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Caregiver’s Guide to Dysphagia in Dementia

Byline: Rinki Varindani Desai is an ASHA-certified medical speech-language pathologist and BIAA-certified brain injury specialist, specializing in the rehabilitation of cognitive-linguistic and swallowing disorders in adults. She is the founder and admin of the Medical SLP Forum, co-author of the mobile app Dysphagia Therapy and co-founder of Dysphagia Grand Rounds. Rinki currently serves on ASHA’s SIG 13 Editorial Committee as Associate Editor of Perspectives, on the Dysphagia Research Society’s Website, Communications, and PublicRelations Committee and has been selected to participate in ASHA’s Leadership Development Program 2017-2018. She has presented at national and international conferences on topics related to adult dysphagia and written numerous articles for leading SLP blogs and magazines. Originally from Mumbai, India; Rinki currently practices in Rochester, New York as Healthpro Rehabilitation’s SLP Team Leader for the Western NY region. You can follow her Medical SLP updates on Facebook and Twitter or reach out to her at rinkislp@gmail.com.


Dementia and Dysphagia

Dementia is not one specific disease. It is a broad term that describes a wide range of symptoms associated with a decline in memory, communication, and other thinking skills; severe enough to reduce a person’s ability to perform everyday activities (Alzheimer’s Association). continue reading →



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A Walk Through the Fire: A Resource for HNC Patients

The Head and Neck Cancer Living Foundation out of Kansas City put together a 15-minute documentary describing the journeys of six head and neck cancer survivors from diagnosis through the aftermath of the treatments.

The HNC Living Foundation funded this video to help compassionate people understand the devastation and intensity of the process and to draw donations to help those who have no insurance, are under-insured or who’s insurance simply runs out. The costs of living after the treatment can break a person financially and emotionally.

Watch this video: https://vimeo.com/212089320



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Your Cancer Game Plan

Pro Football Hall of Famer Jim Kelly is sharing his personal experience as part of “Your Cancer Game Plan.” This new awareness campaign focuses on tackling the emotional, nutritional and communication needs of those facing cancer. To help address these challenges the campaign aims to provide support and resources, including Kelly’s video on how to remain positive along with healthy recipes for those with head and neck cancer.  Jim’s hope in sharing his experience is to inspire others to act and know their game plan.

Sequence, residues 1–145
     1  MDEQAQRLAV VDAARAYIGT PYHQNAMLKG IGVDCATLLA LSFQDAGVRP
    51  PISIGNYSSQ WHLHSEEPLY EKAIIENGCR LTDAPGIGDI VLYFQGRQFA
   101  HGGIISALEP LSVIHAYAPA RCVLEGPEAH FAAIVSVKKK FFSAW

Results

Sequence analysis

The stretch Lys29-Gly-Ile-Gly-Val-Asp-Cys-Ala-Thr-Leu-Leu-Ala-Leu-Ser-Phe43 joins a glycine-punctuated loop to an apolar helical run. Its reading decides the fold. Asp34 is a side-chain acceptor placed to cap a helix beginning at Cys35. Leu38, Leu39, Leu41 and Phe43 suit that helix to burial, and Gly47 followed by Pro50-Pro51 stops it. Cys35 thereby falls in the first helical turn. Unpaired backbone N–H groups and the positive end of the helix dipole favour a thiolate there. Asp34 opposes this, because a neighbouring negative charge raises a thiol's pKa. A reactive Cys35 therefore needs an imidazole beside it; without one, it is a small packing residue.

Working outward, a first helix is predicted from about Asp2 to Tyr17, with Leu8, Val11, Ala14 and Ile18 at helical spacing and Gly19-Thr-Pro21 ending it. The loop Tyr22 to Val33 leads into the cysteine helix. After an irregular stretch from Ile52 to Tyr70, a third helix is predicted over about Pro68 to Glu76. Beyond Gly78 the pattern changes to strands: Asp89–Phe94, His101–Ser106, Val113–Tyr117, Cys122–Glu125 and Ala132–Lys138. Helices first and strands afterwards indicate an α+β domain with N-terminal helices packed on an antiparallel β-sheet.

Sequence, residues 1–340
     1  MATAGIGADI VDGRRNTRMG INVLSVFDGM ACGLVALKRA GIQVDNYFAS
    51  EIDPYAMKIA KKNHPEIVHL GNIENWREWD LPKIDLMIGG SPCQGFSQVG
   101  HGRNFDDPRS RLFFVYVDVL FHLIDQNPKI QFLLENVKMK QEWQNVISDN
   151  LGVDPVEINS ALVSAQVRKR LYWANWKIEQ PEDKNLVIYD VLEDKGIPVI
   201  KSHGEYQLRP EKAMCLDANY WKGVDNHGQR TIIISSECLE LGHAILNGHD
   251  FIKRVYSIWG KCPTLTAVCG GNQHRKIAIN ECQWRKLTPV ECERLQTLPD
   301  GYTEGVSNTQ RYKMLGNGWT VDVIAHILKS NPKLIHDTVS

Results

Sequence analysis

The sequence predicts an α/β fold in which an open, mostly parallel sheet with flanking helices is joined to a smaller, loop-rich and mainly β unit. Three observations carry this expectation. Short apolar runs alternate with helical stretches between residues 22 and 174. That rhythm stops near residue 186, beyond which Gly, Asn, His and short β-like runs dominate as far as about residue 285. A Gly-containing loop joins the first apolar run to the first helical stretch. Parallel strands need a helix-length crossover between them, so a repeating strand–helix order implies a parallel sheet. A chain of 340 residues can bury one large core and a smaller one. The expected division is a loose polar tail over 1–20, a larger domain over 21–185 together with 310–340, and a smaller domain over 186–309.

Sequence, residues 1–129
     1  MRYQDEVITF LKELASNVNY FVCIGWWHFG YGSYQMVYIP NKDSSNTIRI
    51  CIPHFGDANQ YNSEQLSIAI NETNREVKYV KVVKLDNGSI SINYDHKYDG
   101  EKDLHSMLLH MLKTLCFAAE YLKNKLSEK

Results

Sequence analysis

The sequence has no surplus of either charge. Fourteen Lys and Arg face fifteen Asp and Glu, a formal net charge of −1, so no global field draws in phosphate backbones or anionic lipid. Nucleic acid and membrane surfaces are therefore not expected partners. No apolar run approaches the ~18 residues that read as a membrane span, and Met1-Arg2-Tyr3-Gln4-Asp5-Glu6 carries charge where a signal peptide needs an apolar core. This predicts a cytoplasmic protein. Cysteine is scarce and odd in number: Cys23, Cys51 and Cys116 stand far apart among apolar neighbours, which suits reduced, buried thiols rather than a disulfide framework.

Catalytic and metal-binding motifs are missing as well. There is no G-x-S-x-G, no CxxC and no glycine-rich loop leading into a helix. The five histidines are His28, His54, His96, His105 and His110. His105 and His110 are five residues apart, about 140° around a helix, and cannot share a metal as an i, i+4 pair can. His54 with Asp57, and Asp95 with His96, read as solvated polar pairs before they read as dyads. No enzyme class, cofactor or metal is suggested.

Your Cancer Game Plan is a collaboration between U.S. and International industry and patient advocacy groups. Click here for further information.



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How do you die of Parkinson’s Disease?

The NY Times has a periodic “Ask Well” series that runs a few times monthly and health experts (we assume) answer reader’s questions. The question of how people die from Parkinson’s disease was in today’s newspaper and resonated with me. Years ago, I asked a similar question of my surgeon, but for head and neck cancer. The most common cause of death for someone with Parkinson’s disease is pneumonia. The cause of pneumonia is aspirating foods and liquids into the lungs due to a compromised swallow.

Here’s a link to the story:

http://well.blogs.nytimes.com/2017/01/13/how-do-you-die-of-parkinsons-disease/



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Xerostomia = Dry Mouth

Byline: Jennifer Kurtz is a Speech Language Pathologist and stage IV oral cancer survivor practicing at Overlake Medical Center near Seattle, Washington. Her experience has given her an unexpected, yet unique, perspective on the clinician’s role in the management of the Head & Neck Cancer population and has motivated her to advocate for aggressive, collaborative, multi-disciplinary care of all patients across a broad continuum.


Xerostomia describes the subjective sensation of oral dryness and is commonly called “dry mouth.” The typical causes of dry mouth include medications, radiotherapy to the head and neck for cancer treatment, and systemic diseases.

mouth

Xerostomia can have a profound, negative impact on quality of life. The lack of salivary production impacts the ability to eat, sleep, speak, and swallow (Lew & Smith, 2007). Adequate salivary flow allows us to speak clearly without our lips sticking to our teeth and to mix saliva with food when we chew to enable easy transfer through the oral cavity as we swallow. Inadequate salivary function can create a number of complications such as: continue reading →